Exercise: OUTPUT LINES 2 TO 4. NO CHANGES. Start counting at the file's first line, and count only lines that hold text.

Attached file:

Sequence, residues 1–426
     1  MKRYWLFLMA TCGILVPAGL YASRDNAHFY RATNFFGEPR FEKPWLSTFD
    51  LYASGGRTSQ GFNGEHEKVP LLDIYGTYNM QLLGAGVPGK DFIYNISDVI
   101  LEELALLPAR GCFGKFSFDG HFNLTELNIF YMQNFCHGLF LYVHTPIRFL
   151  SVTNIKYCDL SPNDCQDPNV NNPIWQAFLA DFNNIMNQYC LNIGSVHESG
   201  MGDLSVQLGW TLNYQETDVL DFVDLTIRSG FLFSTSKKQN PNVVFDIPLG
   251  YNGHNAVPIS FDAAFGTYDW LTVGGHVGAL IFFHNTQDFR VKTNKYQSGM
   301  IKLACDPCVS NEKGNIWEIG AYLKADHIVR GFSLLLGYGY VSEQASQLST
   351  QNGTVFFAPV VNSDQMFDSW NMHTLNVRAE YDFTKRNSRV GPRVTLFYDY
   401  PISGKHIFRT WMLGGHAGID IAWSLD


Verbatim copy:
     1  MKRYWLFLMA TCGILVPAGL YASRDNAHFY RATNFFGEPR FEKPWLSTFD
    51  LYASGGRTSQ GFNGEHEKVP LLDIYGTYNM QLLGAGVPGK DFIYNISDVI
   101  LEELALLPAR GCFGKFSFDG HFNLTELNIF YMQNFCHGLF LYVHTPIRFL